The Sustainable Development Goals and the Global Plan for the Decade of Action for Road Safety 2011–2020 aims to reduce in half the burden of road traffic injuries and deaths in 2020. To protect road users, the adoption of a model road safety legislation and an increase in the enforcement of road safety laws are recommended activities.Objective
To identify the gaps between addressing risk factors: excessive speed, helmet use and distracted driving in Mexican legislation and the World Health Organization’s road safety recommendations.Methods
A review of the applicable traffic laws at the national level was conducted. Variables like speed limit by road type, helmet characteristics, use of cellphone and electronic devices while driving were included and also the penalties for road traffic violations.Findings
Over 150 documents were identified, from those 74 were considered in this analysis: 65% applicable at the state level, 32% at the municipal level and 3% at the national level. Speed limits were not adequate with the function of the road in 30% of the legislation; only in 10 states and 10 municipalities, an automated enforcement system is legal; 73% prohibit cellphone use while driving and 65% consider other electronic devices as distractors. Helmet use was mandatory in 80% of the legislation, but only in 5 municipalities and 6 states helmet’s quality standards were required. Financial penalties were established for violating the law in most of the states and municipalities; just in the country’s capital a penalty points system was used.Conclusion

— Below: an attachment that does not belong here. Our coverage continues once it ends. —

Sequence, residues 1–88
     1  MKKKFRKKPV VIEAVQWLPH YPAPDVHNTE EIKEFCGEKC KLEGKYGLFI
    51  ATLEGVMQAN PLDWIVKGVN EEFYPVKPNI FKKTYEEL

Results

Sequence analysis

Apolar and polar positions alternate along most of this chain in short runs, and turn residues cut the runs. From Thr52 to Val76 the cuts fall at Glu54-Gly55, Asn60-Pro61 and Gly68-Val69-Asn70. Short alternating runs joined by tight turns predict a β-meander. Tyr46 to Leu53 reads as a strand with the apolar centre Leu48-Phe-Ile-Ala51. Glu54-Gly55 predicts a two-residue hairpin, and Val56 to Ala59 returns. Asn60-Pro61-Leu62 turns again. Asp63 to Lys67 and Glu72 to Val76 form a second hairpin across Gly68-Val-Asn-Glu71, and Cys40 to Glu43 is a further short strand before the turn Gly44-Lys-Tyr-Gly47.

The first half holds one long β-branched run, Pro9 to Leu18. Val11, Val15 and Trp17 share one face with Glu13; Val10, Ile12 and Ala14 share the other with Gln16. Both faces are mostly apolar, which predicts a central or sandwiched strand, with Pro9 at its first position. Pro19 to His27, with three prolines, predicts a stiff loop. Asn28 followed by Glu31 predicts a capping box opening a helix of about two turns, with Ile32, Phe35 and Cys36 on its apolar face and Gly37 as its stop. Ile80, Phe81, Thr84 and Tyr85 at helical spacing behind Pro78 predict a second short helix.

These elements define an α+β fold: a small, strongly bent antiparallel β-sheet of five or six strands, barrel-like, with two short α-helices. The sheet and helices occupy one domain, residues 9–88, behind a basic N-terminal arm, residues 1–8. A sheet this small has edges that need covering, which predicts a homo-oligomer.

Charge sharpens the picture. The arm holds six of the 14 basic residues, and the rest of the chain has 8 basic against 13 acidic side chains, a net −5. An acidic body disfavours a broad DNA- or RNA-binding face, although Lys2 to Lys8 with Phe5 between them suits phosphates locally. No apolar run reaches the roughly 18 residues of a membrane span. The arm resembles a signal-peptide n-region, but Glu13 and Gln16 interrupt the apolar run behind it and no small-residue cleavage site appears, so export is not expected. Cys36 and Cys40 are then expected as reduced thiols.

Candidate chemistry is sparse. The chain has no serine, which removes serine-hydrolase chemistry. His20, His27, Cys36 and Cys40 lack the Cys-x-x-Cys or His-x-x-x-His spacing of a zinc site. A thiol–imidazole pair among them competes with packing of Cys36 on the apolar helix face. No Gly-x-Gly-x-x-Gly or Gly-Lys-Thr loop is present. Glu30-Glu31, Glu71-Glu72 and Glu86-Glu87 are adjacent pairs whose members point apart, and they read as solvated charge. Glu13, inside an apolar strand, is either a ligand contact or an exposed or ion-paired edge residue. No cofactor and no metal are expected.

Mexico has advanced in road traffic legislation, however, improvement in the existing laws are still needed and strengthening law enforcement.Policy implications
This information contributes with evidence to promote comprehensive traffic laws at the national level, aimed to protect vulnerable road users, and to improve data systems.